[00:11:56] Natalia Ilyin: When I think of all the things you’ve done in the last few years, it is unbelievable. And I think about your listeners, they may be at the beginning of your road, you know, they may beginning up their own road, you know, they may have gone through what you went, you’ve been going through, um, 10 years ago. But, but it’s always good to come back to those basic little rituals and those little routines and to, uh, reevaluate what is happening in your life and what is going forward. I’d like to say about morning pages, morning pages have a lot of adherence. A lot of people like that. And it, the first time I ever heard of that was Natalie Goldberg who wrote a book called Writing Down the Bones, and she was an advocate of that. And then it was picked up by, uh, The Artist’s Way, who was the wonderful woman who wrote The Artist’s Way?
[00:12:47] Lorilee Rager: Julia Cameron.
[00:12:48] Natalia Ilyin: Julia Cameron, that’s right. So, so that has a whole history and the reason it has a history is that it works. So I suggest if somebody is sitting out there going, “gosh, I’d like to write and, but I’m a designer. Designers don’t write.” Just, just get yourself a cheesy little notebook, as we said, not a big old expensive journal, and write things down, three pages a day every morning and the world will open up to you. It really will.
[00:13:20] Lorilee Rager: Yes. Yep. That’s exactly right. And you have to schedule it, which, which was really important and made it a non-negotiable.
[00:13:28] Natalia Ilyin: Yes.
[00:13:29] Lorilee Rager: And it was only one thing. It was the only one first step, or the 1% I call it. But if you, in my book, if you do one, that 1%, a year from now that’s 365% that you’ve done then.
[00:13:45] Natalia Ilyin: [Laughter]. I hadn’t thought about it that way.
[00:13:47] Lorilee Rager: 1% is easier to swallow, I think.
[00:13:50] Natalia Ilyin: Yeah.
[00:13:50] Lorilee Rager: Just write those three pages in the morning with no agenda, with no, but exactly like you said, in an ugly notebook from the grocery store or whatever composition notebook, because if you spend too much time on the pretty notebook, I don’t actually want to use it or write in it. Just like you said.
[00:14:06] Natalia Ilyin: I can’t tell you, people always think, “Natalia’s a writer. I’m going to give her a journal for Christmas.” Let me just be clear on, I don’t need any more beautiful journals from people. Much as I love a present, I don’t use them, they’re too beautiful. I just have a big stack of beautiful journals and I write in a cheesy notebook from the dollar store.
[00:14:25] Lorilee Rager: Yeah.
[00:14:25] Natalia Ilyin: That’s the way to do it.
[00:14:26] Lorilee Rager: I do the exact same thing. Um, well, let me ask you, if you can share, if you would like to share anything, any one thing in your own rituals that you, that’s your favorite ritual, um, when it comes to writing. It doesn’t even have to be a daily thing, but
[00:14:43] Natalia Ilyin: Oh, well, first of all, I’d like to interject that, you know, it’s not that I’m like the white witch of writing. I mean, I’m not going around, you know, like smudging things and, you know, blowing on crystals. Although I do have a crystal and I really like my crystals.
[00:14:56] Lorilee Rager: I don’t even have one. I want a crystal.
[00:14:58] Natalia Ilyin: Oh, I have a crystal. Yes, I do. Anyway, I’m not, you know, it’s not like I am this person who’s in a robe or something with the rituals. It’s just, what you want to do is repeat actions every day and do a little amount, as you say, the 1%. Okay. Now, what was your question?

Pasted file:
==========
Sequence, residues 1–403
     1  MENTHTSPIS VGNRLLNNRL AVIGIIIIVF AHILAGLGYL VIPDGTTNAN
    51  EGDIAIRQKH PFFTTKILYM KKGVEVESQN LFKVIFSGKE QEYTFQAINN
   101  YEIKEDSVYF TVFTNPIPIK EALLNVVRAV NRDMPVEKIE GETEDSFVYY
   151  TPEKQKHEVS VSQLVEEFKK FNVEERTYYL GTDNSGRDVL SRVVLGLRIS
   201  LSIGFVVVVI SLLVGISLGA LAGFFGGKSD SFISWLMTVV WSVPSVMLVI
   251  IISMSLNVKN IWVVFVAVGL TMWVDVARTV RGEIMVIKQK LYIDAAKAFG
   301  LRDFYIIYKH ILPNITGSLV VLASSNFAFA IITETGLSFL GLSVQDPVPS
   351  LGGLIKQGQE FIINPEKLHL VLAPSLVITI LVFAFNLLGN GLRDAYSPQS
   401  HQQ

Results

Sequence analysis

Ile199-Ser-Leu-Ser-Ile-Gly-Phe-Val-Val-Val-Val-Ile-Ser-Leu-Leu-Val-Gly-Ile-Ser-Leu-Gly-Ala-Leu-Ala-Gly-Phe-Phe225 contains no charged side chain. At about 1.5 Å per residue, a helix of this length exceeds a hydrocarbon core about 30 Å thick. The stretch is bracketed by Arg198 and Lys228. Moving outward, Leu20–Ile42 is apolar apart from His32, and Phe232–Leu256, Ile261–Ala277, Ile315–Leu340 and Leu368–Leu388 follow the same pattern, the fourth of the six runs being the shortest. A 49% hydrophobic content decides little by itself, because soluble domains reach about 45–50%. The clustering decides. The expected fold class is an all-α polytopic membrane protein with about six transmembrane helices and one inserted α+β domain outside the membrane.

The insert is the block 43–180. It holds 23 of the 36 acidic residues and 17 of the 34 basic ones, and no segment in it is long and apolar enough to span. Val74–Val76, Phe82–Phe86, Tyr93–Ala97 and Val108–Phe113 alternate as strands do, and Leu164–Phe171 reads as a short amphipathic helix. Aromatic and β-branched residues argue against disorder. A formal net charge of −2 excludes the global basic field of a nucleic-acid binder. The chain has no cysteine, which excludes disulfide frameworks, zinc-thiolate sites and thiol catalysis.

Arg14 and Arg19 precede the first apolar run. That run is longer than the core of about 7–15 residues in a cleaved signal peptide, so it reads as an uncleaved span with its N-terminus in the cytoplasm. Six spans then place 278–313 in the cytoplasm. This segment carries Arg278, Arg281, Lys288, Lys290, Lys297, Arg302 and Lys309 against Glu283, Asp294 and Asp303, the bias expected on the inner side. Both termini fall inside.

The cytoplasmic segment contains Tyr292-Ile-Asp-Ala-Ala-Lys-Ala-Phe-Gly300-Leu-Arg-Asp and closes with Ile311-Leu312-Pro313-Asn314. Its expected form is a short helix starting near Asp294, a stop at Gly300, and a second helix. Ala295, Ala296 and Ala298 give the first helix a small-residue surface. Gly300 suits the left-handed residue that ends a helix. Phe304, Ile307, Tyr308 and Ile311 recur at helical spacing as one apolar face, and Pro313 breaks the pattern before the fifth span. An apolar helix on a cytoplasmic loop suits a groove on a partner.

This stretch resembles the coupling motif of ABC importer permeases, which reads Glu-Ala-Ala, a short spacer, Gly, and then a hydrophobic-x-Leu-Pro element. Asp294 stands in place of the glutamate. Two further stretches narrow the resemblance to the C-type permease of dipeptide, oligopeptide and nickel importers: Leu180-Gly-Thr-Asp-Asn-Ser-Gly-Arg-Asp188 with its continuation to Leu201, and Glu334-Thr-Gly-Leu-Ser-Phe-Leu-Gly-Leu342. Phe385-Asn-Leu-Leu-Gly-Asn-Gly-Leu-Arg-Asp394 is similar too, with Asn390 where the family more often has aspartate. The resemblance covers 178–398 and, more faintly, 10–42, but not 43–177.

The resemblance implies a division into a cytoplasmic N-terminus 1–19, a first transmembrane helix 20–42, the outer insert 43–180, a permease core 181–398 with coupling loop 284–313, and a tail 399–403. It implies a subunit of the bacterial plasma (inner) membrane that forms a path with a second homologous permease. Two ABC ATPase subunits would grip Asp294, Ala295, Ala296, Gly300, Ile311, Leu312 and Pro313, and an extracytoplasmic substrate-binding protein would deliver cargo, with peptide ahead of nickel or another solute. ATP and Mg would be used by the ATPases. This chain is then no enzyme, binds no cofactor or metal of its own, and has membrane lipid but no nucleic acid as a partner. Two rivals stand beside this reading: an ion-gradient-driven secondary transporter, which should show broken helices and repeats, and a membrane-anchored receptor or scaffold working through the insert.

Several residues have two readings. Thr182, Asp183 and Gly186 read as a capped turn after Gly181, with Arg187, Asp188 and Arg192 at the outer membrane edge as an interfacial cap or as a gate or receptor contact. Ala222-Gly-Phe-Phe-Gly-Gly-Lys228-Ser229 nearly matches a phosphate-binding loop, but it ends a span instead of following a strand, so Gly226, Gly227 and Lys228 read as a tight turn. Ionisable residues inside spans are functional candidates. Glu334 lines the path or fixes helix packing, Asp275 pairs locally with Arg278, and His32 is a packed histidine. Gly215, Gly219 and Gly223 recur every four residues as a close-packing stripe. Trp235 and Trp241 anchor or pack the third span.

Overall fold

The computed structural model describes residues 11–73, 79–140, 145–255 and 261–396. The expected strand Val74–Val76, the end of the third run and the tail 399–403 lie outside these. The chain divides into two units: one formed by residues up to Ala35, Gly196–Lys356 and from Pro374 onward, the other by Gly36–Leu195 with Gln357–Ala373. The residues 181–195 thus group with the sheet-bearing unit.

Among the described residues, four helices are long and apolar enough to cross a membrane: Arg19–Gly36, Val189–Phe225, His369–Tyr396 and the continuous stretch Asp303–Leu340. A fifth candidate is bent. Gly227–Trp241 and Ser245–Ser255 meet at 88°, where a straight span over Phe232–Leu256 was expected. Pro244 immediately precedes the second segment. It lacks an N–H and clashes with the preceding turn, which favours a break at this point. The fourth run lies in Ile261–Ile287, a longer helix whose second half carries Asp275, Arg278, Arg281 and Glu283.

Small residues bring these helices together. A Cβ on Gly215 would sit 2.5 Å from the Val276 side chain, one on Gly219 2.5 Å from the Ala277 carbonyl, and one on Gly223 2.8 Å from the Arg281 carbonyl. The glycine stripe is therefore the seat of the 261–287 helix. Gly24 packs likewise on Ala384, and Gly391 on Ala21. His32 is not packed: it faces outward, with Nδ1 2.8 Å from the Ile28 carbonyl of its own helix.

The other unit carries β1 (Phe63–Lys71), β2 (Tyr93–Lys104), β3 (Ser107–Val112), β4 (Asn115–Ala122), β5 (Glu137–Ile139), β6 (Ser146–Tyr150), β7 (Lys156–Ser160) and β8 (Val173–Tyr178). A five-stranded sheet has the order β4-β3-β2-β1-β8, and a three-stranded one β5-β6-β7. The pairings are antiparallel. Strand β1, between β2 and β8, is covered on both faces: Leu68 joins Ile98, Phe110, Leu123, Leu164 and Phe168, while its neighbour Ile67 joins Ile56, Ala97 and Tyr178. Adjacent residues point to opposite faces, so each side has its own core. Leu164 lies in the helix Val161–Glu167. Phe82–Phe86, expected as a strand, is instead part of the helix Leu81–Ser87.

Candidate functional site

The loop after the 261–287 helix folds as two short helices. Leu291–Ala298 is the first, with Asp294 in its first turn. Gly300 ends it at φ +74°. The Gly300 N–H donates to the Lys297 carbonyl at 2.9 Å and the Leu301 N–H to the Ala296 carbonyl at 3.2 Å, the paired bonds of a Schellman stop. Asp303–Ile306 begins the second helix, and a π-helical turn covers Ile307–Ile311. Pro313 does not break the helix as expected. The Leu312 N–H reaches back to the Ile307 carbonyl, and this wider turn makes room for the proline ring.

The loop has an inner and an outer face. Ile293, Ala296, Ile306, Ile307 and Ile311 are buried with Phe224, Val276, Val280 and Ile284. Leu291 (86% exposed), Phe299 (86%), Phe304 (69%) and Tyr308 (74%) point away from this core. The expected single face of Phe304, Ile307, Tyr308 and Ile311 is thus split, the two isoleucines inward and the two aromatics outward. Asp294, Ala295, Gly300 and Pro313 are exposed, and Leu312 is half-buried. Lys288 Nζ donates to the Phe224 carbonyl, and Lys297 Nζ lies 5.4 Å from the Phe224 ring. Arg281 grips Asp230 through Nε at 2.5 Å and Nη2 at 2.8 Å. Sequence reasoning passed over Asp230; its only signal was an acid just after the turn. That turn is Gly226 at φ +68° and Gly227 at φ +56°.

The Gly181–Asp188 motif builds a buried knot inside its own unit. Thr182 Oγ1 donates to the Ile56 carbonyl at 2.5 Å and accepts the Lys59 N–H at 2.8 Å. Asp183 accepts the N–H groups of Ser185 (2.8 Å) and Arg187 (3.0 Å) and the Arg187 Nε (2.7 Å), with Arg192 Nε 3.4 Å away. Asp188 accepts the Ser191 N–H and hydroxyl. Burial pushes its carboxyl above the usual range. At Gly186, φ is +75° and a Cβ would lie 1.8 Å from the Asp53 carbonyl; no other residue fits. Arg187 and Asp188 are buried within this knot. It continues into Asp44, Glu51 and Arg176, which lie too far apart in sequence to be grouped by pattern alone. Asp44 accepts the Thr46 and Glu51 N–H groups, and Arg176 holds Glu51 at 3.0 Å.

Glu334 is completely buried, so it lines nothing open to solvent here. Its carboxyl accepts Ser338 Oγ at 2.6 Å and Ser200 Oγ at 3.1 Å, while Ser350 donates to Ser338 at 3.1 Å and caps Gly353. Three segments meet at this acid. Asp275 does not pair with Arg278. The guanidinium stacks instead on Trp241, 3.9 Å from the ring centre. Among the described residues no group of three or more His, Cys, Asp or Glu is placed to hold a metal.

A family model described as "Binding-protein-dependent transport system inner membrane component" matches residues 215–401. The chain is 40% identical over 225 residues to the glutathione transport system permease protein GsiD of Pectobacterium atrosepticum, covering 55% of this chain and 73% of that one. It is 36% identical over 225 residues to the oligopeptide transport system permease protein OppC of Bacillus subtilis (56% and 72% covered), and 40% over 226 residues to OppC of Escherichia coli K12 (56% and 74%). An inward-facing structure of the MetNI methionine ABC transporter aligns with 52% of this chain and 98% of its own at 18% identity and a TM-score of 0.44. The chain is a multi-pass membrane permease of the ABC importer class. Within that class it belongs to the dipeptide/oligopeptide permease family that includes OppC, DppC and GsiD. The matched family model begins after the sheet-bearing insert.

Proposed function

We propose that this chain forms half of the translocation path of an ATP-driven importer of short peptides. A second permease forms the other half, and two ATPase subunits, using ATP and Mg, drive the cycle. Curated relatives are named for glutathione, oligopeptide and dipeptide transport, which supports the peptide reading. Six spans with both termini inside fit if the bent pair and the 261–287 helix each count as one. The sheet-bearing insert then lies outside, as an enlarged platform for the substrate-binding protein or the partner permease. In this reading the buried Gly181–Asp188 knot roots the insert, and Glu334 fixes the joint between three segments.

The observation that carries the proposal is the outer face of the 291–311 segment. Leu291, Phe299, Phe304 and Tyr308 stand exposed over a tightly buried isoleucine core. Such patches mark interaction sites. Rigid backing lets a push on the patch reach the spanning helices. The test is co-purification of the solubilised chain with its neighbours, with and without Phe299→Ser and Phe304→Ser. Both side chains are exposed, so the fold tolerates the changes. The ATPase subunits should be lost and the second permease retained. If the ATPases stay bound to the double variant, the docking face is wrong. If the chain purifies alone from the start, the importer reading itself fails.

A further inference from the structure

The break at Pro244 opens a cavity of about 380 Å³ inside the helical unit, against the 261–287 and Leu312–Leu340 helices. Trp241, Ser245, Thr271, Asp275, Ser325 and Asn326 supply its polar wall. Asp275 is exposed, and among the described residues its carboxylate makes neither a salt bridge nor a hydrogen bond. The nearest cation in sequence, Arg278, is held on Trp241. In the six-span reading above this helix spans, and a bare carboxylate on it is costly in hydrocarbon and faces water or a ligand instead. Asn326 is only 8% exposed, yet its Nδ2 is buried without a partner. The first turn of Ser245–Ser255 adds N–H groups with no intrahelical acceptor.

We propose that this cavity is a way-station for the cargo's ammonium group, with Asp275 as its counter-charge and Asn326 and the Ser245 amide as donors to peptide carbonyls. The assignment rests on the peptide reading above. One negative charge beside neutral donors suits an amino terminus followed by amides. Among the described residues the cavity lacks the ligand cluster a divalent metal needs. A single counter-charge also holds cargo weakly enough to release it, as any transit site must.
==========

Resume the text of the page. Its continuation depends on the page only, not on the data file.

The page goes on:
[00:15:15] Lorilee Rager: What is one ritual that you,
[00:15:16] Natalia Ilyin: Oh, what is a ritual that I do? Well, I am a, I’m a, I’m a big coffee ritual person and a big tea ritual person. As a matter of fact, you know, where I teach at VCFA, uh, Vermont College of Fine Arts, one of the places I teach, um, I’ve kind of become this weird tea drinking person that people think that I like love tea and everything like that. And it’s not so much, I mean, I like tea and everything, but what I like is the ritual of tea time. Because what happens is first of all, you don’t need calories, which is important to me because I’m always watching my weight, and you can have a cup of tea with a student or with anybody and talk. And that’s really what it is. So it, this ritual of tea time provides an opportunity for everybody put the phone down and talk. So that’s why, I guess that’s my favorite ritual. Tea, tea time.
[00:16:11] Lorilee Rager: Yeah. I totally can see that, and agree. It’s, it’s a very grounding, uh, and anxiety reducing practice that I’ve adopted as well as, and as much as I like,
[00:16:23] Natalia Ilyin: So you ended up drinking tea?
[00:16:26] Lorilee Rager: I got a favorite mug. I got my favorite tea. And it became almost where I knew it was going to write when I heard the teapot boil and I got the favorite mug, which has a French bulldog on it because of my puppy. And, you know, then I began to take a little deeper breath and it made it easier to do the task of writing, which I really wanted to do. But I totally think that’s a great ritual.
[00:16:52] Natalia Ilyin: Because all of these things reduce anxiety. So, what is anxiety? Anxiety is fear. Plain old gut wrenching fear. And when you’re in a situation where you don’t know what’s going to come out of your unconscious, which is also known as writing, it’s terrifying to your unconscious. So when you teach your unconscious that it is safe, then it will, it’ll talk back to you. It’ll give you good ideas. It’ll come out, it’ll come out of hiding. So treat your unconscious, like you would a child. And you know, when a child is nervous or anxious, what do you do? You go to those soothing routines. So you’re treating yourself, you’re treating yourself like a child. That sounds a little strange, but you are. That’s actually called loving yourself. It’s like, people would say, “oh you should love yourself.” I hate that, when people go, “oh, love yourself first, then love others.” People who have problems loving themselves have no idea what that means.